During World War II, 110,000 citizens and resident aliens of Japanese ancestry were banished from their homes and confined behind barbed wire for two and a half years. This comprehensive work surveys the historical origins, political characteristics, and legal consequences of that calamitous episode. The authors describe the myths and suspicions about Orientals on the West Coast and trace the influence of racial bigotry in the evacuation and in the court cases growing out of it. A theory is advanced to account for the administrative and legal decisions which initiated and concluded this calamity. Finally, the authors analyze the principal constitutional issues involved in the evacuation and their implications for the future.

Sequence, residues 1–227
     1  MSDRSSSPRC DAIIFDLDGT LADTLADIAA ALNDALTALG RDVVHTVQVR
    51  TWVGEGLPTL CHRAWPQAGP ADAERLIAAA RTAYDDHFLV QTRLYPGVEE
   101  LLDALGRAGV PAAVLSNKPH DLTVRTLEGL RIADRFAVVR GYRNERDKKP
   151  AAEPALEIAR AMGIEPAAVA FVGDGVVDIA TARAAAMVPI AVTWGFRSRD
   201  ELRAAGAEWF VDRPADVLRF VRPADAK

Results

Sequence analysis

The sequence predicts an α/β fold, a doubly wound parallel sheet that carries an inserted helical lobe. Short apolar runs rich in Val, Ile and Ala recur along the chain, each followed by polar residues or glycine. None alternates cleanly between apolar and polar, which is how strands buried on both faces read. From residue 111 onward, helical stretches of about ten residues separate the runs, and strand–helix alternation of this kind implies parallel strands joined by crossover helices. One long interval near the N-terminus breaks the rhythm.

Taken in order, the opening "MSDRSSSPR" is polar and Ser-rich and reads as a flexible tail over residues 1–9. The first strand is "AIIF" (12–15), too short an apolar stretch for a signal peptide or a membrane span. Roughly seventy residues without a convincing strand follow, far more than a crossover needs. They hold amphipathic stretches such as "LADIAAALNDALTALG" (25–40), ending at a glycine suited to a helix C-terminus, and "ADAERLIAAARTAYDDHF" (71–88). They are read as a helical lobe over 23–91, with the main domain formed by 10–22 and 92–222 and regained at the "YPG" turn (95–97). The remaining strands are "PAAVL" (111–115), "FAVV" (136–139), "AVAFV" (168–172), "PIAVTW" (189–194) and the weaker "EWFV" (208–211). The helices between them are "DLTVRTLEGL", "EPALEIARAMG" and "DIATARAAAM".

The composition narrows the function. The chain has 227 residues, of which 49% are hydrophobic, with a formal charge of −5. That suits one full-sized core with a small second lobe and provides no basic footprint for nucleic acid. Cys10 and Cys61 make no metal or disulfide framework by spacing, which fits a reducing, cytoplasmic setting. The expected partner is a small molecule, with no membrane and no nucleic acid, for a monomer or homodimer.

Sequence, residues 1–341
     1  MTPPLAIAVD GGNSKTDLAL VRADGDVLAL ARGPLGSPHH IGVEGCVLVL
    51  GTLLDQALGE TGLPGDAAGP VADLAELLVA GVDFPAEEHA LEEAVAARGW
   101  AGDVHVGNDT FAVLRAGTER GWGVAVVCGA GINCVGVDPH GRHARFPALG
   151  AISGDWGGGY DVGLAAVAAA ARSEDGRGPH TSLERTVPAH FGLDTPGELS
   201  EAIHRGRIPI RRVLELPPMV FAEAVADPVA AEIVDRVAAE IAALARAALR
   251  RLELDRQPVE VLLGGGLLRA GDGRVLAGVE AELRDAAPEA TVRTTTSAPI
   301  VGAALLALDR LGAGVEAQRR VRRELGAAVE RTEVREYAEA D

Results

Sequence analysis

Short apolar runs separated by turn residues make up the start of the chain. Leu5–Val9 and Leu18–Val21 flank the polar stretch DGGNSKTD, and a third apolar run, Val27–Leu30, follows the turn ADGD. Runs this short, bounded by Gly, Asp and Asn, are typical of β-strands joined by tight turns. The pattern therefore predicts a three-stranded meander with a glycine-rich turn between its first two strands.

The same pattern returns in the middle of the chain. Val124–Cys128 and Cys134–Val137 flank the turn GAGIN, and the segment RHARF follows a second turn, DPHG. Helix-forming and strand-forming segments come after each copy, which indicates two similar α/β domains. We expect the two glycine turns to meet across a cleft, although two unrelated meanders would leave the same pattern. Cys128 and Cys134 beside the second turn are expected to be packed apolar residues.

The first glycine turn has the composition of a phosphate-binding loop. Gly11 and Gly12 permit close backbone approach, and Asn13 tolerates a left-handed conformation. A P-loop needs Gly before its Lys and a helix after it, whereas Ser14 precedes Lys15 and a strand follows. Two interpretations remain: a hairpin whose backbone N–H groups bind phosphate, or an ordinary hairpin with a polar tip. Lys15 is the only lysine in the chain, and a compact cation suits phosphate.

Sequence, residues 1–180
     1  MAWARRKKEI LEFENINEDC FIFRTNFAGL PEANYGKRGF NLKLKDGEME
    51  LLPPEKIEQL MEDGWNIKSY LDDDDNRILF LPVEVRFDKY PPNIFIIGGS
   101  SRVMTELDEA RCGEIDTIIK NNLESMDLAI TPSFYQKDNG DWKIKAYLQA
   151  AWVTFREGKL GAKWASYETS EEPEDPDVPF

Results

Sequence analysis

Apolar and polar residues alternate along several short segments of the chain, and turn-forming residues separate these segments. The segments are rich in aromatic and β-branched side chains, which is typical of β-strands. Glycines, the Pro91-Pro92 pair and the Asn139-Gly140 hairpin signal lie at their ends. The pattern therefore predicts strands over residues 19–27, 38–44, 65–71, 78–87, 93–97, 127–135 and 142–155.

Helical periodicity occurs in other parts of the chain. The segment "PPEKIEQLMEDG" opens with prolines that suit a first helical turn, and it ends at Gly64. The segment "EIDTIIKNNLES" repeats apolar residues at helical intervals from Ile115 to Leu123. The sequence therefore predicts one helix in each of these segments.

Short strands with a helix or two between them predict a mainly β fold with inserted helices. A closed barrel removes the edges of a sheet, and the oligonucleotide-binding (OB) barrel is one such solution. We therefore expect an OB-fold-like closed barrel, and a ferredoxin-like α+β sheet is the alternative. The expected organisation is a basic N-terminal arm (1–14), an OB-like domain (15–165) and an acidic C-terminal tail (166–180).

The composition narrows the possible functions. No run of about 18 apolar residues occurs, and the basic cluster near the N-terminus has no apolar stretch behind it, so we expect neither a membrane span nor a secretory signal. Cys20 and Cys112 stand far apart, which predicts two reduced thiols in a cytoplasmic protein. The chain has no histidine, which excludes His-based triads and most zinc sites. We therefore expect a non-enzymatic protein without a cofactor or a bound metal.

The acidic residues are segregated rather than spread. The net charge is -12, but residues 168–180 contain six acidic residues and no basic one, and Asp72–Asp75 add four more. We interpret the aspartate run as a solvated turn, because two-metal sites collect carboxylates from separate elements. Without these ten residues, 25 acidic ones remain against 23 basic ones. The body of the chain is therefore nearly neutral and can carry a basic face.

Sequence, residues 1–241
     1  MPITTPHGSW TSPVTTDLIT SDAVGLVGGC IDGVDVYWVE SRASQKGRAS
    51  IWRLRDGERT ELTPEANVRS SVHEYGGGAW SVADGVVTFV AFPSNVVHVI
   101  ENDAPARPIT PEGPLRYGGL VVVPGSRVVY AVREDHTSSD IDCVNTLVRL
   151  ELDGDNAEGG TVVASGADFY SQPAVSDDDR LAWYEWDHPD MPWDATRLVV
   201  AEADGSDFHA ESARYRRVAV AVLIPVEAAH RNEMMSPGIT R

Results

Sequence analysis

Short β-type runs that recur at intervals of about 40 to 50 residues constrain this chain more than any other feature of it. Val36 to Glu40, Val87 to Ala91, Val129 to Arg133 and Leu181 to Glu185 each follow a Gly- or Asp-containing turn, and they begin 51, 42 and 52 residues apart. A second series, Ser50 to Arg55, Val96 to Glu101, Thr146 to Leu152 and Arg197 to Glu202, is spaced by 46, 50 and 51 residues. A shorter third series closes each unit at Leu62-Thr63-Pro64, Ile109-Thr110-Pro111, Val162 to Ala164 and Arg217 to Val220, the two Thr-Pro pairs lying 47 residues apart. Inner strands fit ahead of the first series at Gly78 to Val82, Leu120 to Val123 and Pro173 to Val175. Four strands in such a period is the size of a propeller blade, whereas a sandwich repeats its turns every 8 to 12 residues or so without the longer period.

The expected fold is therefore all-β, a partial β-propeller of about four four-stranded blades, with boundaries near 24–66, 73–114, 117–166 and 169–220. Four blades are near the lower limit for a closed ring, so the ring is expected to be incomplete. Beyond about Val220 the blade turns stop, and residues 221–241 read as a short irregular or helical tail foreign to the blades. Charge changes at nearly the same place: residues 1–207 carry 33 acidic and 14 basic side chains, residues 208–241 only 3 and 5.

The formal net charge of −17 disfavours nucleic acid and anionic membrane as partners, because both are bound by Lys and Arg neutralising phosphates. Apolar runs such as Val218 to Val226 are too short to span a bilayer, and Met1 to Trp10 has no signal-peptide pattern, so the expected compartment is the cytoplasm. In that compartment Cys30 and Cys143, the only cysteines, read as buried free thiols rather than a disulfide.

Jacobus tenBroek founded the National Federation of the Blind in 1940 and was also a constitutional law scholar, a civil rights activist, a leader in the reform of social welfare, and a distinguished national and international humanitarian. Edward Norton Barnhart (1909-1988) was Professor Emeritus of Rhetoric, University of California Berkeley. Floyd W. Matson served as a primary leader of the National Federation of the Blind of Hawaii. In 2005 the National Federation of the Blind of Hawaii honored Dr. Matson as a "treasure of Hawaii" for all of his outstanding efforts to support the blind in that state and throughout the nation.
"Makes very sad reading; but it should be read as a lesson in national humility."--California Law Review "As an objective record and analysis of the Japanese evacuation [it is] a significant contribution to our national life."--American Sociological Review "It is likely to stand as the definitive work in its area."--The Annals